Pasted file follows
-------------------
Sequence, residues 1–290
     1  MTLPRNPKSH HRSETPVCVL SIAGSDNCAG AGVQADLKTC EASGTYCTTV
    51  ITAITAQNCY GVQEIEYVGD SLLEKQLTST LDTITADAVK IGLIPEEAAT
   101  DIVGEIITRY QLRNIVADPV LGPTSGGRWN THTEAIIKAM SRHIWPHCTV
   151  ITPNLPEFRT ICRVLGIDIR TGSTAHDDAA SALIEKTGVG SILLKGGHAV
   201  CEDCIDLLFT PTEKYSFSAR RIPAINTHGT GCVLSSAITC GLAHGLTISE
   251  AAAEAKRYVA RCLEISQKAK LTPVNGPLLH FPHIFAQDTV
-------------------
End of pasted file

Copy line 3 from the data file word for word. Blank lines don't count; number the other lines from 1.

    51  ITAITAQNCY GVQEIEYVGD SLLEKQLTST LDTITADAVK IGLIPEEAAT